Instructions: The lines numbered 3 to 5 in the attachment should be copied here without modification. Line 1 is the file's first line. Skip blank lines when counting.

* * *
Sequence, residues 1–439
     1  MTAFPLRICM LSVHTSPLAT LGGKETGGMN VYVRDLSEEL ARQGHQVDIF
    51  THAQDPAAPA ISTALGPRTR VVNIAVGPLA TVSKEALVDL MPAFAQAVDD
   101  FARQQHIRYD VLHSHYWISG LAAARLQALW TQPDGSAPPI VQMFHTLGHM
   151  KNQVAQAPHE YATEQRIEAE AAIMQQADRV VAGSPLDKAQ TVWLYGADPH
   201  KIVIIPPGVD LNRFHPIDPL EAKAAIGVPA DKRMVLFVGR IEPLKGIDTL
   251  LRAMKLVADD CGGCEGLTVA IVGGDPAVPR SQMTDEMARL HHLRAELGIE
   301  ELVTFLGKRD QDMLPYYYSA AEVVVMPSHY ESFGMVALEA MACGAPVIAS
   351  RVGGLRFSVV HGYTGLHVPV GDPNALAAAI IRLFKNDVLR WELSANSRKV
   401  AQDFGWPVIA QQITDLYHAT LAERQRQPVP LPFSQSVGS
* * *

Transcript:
    51  THAQDPAAPA ISTALGPRTR VVNIAVGPLA TVSKEALVDL MPAFAQAVDD
   101  FARQQHIRYD VLHSHYWISG LAAARLQALW TQPDGSAPPI VQMFHTLGHM
   151  KNQVAQAPHE YATEQRIEAE AAIMQQADRV VAGSPLDKAQ TVWLYGADPH